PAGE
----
Continuous risk management does not mean tracking every single event on every single device throughout the network.  It may mean turning on automatic alerts on critical devices, setting traffic thresholds in network areas where PHI resides, logging anomalous events in those critical areas, and using network management tools to make sense of all this information the network devices are collecting.

Risk management is about a lot more than achieving HIPAA compliance, reducing risk to PHI and helping to prevent theft of PHI is of critical value.

Recommendation: Understand where you should implement continuous risk management, and what logging, alert, detection, and management tools you already have that can help with risk management.

To learn more about Cisco® compliance solutions and HIPAA services, please visit http://www.cisco.com/go/compliance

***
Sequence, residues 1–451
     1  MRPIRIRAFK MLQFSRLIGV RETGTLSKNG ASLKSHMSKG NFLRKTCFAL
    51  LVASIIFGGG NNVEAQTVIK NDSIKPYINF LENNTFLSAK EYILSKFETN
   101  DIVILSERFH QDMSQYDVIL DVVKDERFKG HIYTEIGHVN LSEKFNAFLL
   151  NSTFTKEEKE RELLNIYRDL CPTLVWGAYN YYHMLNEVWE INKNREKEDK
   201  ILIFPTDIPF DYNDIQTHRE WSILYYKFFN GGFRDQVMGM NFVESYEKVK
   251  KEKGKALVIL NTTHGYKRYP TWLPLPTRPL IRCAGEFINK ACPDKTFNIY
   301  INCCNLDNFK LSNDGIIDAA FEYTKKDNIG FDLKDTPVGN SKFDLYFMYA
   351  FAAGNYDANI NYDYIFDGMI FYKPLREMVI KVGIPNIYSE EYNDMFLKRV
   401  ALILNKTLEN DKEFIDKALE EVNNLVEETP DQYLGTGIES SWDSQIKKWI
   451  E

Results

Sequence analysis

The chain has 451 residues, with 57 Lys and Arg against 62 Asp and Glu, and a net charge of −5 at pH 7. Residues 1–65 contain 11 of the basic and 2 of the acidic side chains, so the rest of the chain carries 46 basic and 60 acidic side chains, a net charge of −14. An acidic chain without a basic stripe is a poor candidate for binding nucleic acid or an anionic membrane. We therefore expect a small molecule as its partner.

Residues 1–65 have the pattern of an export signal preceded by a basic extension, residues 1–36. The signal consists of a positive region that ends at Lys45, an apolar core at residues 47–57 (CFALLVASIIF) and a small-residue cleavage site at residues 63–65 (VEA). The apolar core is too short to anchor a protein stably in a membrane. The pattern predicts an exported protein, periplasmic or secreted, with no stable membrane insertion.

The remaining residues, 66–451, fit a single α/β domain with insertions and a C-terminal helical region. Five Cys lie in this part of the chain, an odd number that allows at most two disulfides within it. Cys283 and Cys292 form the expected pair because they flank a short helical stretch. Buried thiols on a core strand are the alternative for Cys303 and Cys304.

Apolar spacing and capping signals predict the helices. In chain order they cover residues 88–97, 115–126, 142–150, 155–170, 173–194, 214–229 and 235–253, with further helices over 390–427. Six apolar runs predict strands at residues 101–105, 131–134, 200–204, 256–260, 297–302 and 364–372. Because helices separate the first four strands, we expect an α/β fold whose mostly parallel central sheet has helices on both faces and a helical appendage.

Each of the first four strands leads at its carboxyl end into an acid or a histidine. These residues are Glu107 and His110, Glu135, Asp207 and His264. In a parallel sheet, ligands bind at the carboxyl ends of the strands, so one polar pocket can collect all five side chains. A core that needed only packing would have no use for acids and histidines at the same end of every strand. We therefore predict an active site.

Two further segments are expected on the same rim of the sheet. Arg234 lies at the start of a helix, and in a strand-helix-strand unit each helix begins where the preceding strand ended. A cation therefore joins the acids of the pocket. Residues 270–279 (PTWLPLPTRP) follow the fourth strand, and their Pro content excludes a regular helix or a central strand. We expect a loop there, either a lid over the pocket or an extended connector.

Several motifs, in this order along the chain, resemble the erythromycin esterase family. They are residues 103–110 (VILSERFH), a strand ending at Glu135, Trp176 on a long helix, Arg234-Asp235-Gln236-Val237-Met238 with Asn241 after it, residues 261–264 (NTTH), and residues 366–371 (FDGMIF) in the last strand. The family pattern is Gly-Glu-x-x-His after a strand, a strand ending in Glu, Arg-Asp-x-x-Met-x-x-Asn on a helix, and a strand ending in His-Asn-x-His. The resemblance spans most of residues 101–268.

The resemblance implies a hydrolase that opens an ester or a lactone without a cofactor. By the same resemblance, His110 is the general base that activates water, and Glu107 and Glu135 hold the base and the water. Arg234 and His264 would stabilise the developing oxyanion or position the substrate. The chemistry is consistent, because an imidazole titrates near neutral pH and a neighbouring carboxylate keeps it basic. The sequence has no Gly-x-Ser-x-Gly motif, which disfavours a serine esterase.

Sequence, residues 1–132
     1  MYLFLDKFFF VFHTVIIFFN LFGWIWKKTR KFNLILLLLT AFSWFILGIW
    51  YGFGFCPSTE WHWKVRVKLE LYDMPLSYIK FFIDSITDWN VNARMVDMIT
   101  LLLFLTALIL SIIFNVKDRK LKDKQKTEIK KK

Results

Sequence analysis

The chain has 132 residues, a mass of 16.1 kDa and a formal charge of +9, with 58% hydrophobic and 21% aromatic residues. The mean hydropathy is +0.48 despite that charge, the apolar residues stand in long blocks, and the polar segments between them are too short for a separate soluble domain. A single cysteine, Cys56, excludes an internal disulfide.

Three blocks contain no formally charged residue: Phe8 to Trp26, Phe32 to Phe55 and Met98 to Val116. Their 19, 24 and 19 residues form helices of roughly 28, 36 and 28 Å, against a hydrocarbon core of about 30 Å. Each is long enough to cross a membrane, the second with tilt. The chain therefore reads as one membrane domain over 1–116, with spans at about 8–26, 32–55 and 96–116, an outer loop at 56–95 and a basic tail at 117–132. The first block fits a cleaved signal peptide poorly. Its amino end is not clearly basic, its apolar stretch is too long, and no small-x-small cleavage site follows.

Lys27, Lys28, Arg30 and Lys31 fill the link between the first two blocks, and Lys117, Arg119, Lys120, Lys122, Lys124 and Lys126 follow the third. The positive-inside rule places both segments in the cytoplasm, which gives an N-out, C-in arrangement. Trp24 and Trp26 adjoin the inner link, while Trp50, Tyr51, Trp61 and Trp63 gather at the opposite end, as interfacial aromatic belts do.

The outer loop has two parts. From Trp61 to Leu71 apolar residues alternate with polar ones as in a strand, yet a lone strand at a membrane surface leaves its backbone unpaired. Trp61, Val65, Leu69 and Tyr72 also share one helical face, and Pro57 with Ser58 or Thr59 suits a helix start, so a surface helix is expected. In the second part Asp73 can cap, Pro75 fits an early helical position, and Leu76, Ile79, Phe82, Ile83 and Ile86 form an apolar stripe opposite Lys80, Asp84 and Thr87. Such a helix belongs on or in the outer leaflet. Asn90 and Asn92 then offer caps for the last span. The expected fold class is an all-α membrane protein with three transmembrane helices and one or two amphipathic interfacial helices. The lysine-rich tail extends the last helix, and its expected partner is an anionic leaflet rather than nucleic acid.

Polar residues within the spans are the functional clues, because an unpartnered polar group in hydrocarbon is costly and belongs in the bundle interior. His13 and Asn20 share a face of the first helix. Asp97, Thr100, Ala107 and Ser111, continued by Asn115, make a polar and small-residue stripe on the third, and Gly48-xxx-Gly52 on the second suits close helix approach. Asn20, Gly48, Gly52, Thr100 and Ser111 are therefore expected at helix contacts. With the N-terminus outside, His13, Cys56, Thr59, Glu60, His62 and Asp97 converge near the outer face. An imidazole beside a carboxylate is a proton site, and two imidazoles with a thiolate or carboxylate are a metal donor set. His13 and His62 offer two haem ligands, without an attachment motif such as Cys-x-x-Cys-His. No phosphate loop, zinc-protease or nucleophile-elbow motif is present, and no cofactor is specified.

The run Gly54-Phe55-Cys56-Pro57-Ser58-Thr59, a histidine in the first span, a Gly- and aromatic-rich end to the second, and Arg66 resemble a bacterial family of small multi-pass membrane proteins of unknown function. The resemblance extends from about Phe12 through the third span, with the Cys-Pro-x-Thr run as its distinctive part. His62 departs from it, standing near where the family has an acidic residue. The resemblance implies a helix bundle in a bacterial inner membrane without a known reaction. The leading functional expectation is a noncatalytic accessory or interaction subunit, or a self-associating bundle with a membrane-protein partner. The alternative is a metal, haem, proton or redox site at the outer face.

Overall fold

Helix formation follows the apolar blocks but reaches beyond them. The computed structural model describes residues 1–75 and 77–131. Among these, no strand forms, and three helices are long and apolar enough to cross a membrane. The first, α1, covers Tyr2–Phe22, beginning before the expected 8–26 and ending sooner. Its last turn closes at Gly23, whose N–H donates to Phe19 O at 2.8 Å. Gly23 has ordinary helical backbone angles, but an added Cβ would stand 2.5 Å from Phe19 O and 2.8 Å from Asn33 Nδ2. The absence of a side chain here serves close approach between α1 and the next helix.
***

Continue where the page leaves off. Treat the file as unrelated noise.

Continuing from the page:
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New Solution: Cisco Virtual Patient Observation

No longer does your organization need to incur the sometimes unreimbursed cost of hiring one-on-one patient sitters, dedicating staff that can be better utilized elsewhere, or imposing on distressed family members to sit by their family member’s bedside around the clock.

With Cisco Virtual Patient Observation, centralized staff can observe multiple high-risk patients over your hospital’s existing network, and quickly alert caregivers if a patient is at risk.

This is one of those rare solutions that can pay for itself in months not years.

SpeakersIf this sounds “too good to be true”, then we invite you to join a live educational webcast that I’m hosting on September 12th at 11PST / 2EST to learn first-hand how HCA’s Clear Lake Regional Medical Center worked with Cisco to integrate Virtual Patient Observation into their operation.

You’ll learn about Clear Lake Regional Medical Center’s approach to implementing Cisco Virtual Patient Observation, the hurdles they encountered, and the lessons they learned along the way to a highly successful implementation and a satisfying ROI.